267. I also would like to know more about the “cookie cutter” sites and what michelle mentioned above,

    PS. first time here and love all this information, a bit scared though I gunna spend sooo much time here now, I won’t get any work done!

  268. Just to let you know that a dead fish can see the sky and bottom of the sea simultaneously – its the all knowing and seeing eye!

    I agree with what Dave is saying – but I think alarms should go off if you drop several points, not just to ’0′ if you suddenly plummet from a ’6′ to a ’3′ then something is not right and should be looked at. I always view that as a warning sign and could only get worse if affirmative action is not taken. It only gets tricky when you can’t find what is wrong.

    Look, Google is not perfect and mistakes in generalization are going to be made – when this happens I believe there should be some recourse for action or at least manual inspection.

  269. Dave (original)

    Dead fish are popular and they can see :)

    Vincent, agree, if a page drops by even 1 point in PR it warrants at LEAST some looking into. It’s ludicrous to say it’s to be expected as time goes on when the total opposite should happen!

    Having said that, a common reason for a drop in TBPR is Google discounting links the page WAS erroneously being credited for. As TBPR appears to lag real PR it can SEEM deceiving. Personally, life goes on as normal for me when/if a page drops in TBPR. That is, I KNOW I’m not spamming and create my pages for users.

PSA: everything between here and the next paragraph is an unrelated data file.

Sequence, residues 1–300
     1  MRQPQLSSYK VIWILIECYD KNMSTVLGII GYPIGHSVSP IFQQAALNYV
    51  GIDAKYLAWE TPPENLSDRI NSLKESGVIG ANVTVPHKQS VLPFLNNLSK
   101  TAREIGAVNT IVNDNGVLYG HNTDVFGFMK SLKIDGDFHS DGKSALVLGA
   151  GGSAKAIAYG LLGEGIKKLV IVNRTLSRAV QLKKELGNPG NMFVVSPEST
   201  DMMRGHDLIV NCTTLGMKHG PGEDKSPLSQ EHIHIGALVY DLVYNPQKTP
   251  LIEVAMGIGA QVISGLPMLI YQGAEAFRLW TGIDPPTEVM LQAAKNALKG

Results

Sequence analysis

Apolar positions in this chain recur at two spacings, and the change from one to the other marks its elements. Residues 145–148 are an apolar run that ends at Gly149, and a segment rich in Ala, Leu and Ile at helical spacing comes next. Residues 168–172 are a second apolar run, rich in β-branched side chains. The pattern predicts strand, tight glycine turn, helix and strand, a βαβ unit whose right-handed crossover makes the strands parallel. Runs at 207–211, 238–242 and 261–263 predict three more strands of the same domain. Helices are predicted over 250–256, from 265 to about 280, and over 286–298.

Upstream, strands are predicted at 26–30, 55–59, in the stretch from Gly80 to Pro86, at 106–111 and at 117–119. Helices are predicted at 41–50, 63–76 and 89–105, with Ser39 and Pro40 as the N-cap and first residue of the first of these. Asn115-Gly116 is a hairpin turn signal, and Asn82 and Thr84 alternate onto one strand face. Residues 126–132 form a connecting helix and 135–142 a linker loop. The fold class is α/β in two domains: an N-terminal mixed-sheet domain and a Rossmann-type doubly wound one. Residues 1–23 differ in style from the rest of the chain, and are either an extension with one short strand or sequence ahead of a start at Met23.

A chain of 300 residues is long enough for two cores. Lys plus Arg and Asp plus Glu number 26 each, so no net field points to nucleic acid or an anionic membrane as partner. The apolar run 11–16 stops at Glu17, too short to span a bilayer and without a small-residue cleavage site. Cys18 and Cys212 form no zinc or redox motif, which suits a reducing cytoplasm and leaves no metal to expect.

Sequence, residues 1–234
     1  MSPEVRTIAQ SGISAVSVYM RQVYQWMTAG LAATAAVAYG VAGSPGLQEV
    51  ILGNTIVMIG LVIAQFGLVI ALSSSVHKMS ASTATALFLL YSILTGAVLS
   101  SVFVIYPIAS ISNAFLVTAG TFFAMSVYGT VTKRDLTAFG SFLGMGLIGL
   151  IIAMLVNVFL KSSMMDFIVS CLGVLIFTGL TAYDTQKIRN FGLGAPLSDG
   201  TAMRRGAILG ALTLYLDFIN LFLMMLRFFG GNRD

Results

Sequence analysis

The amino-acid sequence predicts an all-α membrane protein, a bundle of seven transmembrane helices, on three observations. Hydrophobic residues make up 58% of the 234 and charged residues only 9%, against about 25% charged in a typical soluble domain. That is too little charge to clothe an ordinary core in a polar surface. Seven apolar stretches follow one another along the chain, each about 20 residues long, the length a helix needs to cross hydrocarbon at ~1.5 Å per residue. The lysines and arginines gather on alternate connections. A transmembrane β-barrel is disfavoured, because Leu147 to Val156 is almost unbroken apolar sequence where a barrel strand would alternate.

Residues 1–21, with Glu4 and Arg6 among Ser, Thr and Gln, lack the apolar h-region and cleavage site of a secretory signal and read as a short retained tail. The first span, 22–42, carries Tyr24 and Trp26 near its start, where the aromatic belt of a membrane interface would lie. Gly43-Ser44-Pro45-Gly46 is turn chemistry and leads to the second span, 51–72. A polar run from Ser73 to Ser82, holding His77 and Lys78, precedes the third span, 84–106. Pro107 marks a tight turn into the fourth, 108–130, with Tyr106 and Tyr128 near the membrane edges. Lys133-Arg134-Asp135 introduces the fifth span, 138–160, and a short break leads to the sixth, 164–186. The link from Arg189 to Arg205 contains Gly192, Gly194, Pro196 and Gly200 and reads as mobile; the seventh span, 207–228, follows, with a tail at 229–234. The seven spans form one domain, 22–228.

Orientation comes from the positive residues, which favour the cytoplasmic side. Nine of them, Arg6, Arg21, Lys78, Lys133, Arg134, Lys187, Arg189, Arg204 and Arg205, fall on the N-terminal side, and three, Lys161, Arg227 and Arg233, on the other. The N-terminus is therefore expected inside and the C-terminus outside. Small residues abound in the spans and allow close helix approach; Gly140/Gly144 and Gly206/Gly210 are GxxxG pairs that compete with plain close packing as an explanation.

I don’t believe Google should ever offer explanations as each one would be another puzzle piece SE spammers could use. Unless Google manually lowers PR (not sure if that is even possible) it’s pretty safe to say there is no mistake.

  270. Dave, I agree somewhat and yes our own site lost a point recently; we didn’t worry too much as a couple of inbounds seemed to have disappeared. Coupled with that we had a very old links page that had suddenly gone to ’0′ we figured to pull the whole page down and dump those old outbounds and do a bit of spring cleaning of our backyard, hopefully that fix a few things next time around.

    On the hand are involved with another site that has suddenly plummeted to a 3 from 5′s and 6′s – interesting enough it is a portal with thousands of pages and carries a lot of unique content. We are still troubleshooting it. We were a bit cheesed off that the entire site paid the penalty for whatever is wrong. I think in a case like this that there could have been some kind of explanation given to us through webmaster tools. Maybe in the form of a warning that we are linking to a few duds (If that is the case). The issue I have is that there is no recourse if you just drop in PR whether dramatically or lightly you can’t request a ‘re-inclusion’ as your not banned and you can’t say ‘ask what you did wrong’ as webmaster tools don’t allow for this. That I find is frustrating.

    I think the search engine should not just be answerable to its owners and shareholders but to the very people who support it, webmasters, site owners, etc. It’s now gone past the point of being just a private or public company search engine, but it’s become a very integral part of web life. When this happens there should always be more oversight. I admit my comments were a little harsh much earlier on in this thread about webmaster tools being all ‘smoke and mirrors’ that came out a bit wrong. But I firmly believe there needs to be a further development upon the tools to allow more flexibility in troubleshooting when things do go ‘t*ts-up.’